A Laymanís Primer on Printing: Part 2
Printing, typography, and finishing-technique terminology
Our lines of funny greeting cards run the gamut from heartwarming to gut-busting. No matter your personality, politics or philosophy, you'll find the perfect card on our shelves. We use a variety of printing techniques that help us create beautiful custom-printed cards affordably and quickly—we were printing Trump "bigly birthday" cards faster than Russians could hack our computers.
Having a certain familiarity with commonly used terms is helpful when you need to order custom-printed materials, especially pieces as important as invitations and personalized stationery. From general terms to typography and finishing processes, here are some terms and techniques that are helpful to understand what they mean.
GENERAL TERMSCamera-Ready: the stage at which material is ready to be photographed and made into printing plates.
Copy: the text or material that you wish to print.
Die: a sharp metal form or block to cut or produce an image on the paper during the finishing process.
Four-Color Process: printing that produces a full range of color reproduction, especially photographs, using only four ink colors: cyan, magenta, yellow and black (CMYK). These are also known as "process colors."
Make-Ready: the process of getting the press set up and ready to print a job.
PMS Color: PMS stands for Pantone Matching System and refers to a standard for mixing inks to match a specific color or colors.
Stock: the type of paper you wish to use for your printed materials. Paper choices come in a range of colors, weights and finishes.
Turnaround Time: the amount of time required to produce a completed job from start to finish.
TYPOGRAPHY TERMSBaseline: an invisible or imaginary line on which the type characters sit.
Font: another term for the typeface, or specific design of the letters, being used for printed copy.
Leading: the space between lines of type. Originally, in hand-set type, thin slices of metal were placed between rows of type to create space between the lines.
Point Size: refers to the size of the characters in a type font. It is a measurement from the top of tallest character (i.e. an h) to the bottom of lowest character (i.e. y) plus a little extra lead for space and readability. A "point" is equal to approximately 1/72 of an inch.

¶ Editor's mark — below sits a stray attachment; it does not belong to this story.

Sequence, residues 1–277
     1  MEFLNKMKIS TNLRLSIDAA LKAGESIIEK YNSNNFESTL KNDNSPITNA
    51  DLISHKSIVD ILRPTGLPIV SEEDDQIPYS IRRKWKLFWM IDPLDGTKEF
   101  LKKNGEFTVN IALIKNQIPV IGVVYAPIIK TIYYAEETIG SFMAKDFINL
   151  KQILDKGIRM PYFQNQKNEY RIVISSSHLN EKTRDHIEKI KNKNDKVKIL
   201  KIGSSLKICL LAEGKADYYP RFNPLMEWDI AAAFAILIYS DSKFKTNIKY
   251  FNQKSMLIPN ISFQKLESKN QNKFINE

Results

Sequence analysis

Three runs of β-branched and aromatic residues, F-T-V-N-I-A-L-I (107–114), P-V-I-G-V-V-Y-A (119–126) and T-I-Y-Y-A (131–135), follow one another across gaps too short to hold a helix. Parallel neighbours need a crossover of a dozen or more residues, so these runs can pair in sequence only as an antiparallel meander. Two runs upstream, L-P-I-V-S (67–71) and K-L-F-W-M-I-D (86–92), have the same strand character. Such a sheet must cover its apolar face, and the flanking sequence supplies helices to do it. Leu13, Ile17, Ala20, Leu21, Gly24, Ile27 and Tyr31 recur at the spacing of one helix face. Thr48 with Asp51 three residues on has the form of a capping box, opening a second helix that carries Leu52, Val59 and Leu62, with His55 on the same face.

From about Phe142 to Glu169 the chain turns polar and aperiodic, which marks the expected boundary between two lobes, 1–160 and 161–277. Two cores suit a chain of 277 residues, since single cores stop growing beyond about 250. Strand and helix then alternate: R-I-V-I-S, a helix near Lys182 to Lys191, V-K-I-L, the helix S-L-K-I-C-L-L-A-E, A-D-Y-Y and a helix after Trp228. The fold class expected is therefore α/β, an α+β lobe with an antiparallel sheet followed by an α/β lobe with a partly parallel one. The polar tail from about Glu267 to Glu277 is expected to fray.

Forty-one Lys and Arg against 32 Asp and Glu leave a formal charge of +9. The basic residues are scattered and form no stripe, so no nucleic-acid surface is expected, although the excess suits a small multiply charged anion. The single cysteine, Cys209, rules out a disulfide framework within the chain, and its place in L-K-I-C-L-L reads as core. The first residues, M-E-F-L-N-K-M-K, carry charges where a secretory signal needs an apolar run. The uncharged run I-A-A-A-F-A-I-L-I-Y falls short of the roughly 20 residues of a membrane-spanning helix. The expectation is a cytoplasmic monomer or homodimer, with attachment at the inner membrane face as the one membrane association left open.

Reverse Type: white type that prints on black, or a light color on a dark background or color.
Script: a typeface designed to look more like cursive handwriting.
Serif: refers to a short line embellishing the top and bottom ends of each stroke of a letter. Check out Times New Roman or Cambria on your computer as an example.
Sans Serif: a simple letter or character without any embellishment. Check out Arial or Impact on your computer as an example.
Swash: an extension or embellishment on the end of a letter or underneath a word for decorative effect.
FINISHING TECHNIQUESBeveling or Beveled Edge: the process by which the edge of a heavy stock paper is cut at a 45-degree angle.
Bordering: a process usually done by hand that puts a colored or foil border around the outside edge of the paper.
Debossing: a process that produces a recessed or depressed image or design into the paper, usually through the use of a die.
Deckling or Deckled Edge: a process that creates a ragged or torn-look edge to the paper that mimics the look of handmade paper.
Diecut: a process by which a shape or design is cut—or "punched out"—of the paper using a special sharp metal die or metal cutter. It can be likened to a process similar to a paper punch.
Embossing: a process that produces a raised design by pressing the paper into a die or engraving plate. Blind embossing is when no ink or foil is used in the embossing process—only the plain raised paper creates the image. Foil embossing is when a foil material is transferred to the design on the paper during the embossing process.
Foil Stamping: a process in letterpress that uses foil and dies to transfer foil for the design onto the paper. Hot stamping uses a heated die and pressure to transfer and adhere the foil to the paper.
Imprinting: a process by which additional material, such as a personalized greeting, is printed onto a piece after it has been printed.
Laminating or Layering: a process of bonding or "pasting" multiple layers of paper or card stock together—especially of different colors—for a special effect that is most commonly used for invitations.
Thermography: a process that raises the ink after printing to give the look of an engraved printed piece. A resinous powder added to the printing ink is heated and dried to imitate the raised look of engraved printing.
The above list represents a small portion of terms used in printing, but probably are the most commonly needed ones for the average person to know. When dealing with a printer, always ask them to explain exactly what they mean should they use an unfamiliar term while discussing your job to avoid any misunderstandings and ensure that your job is done to your expectations.